I built up a fairly simple portfolio of properties to assess a two-person family’s investment portfolio to examine the income and tax implications of relying on rental properties for a sole source of income while paying federal income taxes out of a separate set of liquid assets.

First, let me set up some assumptions:

  • Inflation rate of 3% per year
  • Compound average growth rate of liquid, non-real estate investments: 6% per year
  • Compound average growth rate of real estate investments: 3% per year
  • Rents increase with inflation
  • All improvements are expensed. None are capitalized. (Note: This is a simplifying assumption. I realize that if you put a new roof on a house, you’re going to increase your basis and start the roof on a new depreciation schedule)
  • All expenses except federal income tax are 50% of rent
  • Selling a house costs 8% of the total value (6% for commissions, 2% for closing costs)
  • A liquid asset safe withdrawal rate for retirement is 4%
  • Federal income tax is paid from liquid, non-real estate investments

Now, let’s look at how our couple got to the point where they felt like they could retire just using the income from their rental properties.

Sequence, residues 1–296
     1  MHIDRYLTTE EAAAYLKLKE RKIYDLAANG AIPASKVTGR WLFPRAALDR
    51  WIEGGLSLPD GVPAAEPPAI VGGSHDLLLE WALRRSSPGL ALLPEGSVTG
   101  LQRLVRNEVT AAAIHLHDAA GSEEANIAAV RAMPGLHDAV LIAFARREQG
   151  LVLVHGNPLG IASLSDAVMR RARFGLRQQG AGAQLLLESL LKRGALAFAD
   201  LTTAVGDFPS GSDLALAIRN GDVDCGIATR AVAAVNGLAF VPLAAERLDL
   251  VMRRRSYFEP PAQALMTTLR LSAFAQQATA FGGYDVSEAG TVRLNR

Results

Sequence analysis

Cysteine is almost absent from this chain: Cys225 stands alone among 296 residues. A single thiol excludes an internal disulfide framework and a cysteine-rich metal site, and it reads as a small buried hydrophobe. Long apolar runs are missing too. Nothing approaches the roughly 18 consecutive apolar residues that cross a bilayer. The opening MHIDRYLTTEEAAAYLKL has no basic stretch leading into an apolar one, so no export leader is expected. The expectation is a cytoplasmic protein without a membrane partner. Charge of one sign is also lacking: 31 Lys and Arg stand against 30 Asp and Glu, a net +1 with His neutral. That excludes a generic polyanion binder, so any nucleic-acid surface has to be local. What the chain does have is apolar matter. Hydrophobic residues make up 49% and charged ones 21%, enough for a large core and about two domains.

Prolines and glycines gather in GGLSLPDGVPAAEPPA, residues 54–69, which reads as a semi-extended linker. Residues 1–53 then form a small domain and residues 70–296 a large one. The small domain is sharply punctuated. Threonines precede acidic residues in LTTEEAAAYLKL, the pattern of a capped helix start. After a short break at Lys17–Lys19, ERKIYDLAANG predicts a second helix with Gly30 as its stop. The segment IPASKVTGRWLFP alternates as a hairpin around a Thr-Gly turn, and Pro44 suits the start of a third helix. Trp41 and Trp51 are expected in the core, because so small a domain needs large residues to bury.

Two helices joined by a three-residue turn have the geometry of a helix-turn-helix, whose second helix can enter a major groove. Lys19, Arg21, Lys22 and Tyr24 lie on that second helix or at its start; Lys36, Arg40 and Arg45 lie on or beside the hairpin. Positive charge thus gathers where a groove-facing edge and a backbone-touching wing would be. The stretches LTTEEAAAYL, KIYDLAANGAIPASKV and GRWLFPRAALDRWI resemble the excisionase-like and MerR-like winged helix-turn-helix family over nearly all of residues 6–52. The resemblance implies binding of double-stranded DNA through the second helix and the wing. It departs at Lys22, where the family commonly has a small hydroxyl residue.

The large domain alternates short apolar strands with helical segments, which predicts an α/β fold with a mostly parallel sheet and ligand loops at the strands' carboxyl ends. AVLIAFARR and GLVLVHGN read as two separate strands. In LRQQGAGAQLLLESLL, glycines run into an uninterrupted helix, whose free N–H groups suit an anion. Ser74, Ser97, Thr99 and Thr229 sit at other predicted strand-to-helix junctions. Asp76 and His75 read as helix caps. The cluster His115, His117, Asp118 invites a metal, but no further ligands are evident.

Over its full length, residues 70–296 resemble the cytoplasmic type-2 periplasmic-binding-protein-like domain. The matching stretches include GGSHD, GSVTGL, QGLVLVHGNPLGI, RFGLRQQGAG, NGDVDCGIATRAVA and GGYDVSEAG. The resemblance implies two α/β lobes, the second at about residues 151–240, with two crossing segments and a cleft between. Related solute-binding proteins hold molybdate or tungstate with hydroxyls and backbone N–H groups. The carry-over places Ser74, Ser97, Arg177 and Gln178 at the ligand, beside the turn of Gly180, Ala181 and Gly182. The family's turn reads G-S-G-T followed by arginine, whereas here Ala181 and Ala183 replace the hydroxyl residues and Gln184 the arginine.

• Current age of both: 45
  • They started buying one house per year in cash at age 35. The cost of the first house was $75,000 and increased by 3% each year.
  • Each rental provided $1,000 a month in income when they bought their 10th house at age 44.
  • The couple’s annual expenses, after federal income tax, at age 44 was $60,000.
  • They have $500,000 in other liquid investments.

They now own 10 houses which provided $120,000 in rental income at age 44, giving them $60,000 to live on.

Starting at age 45, they quit their jobs and live solely on the income generated from the rental properties. If they don’t sell any of the houses along the way, then their income and expenses associated with the rental properties will continue to tick along nicely.

Interestingly enough, because depreciation remains constant, until the first house has been owned for 27.5 years, at which point it decreases, while income increases, income tax and the effective tax rate on the income increases over time (Note: I have used 2013 tax rates and standard deductions and kept the same rates through the years).

Early Retirement Income Taxes and Effective Rate by Hull Financial Planning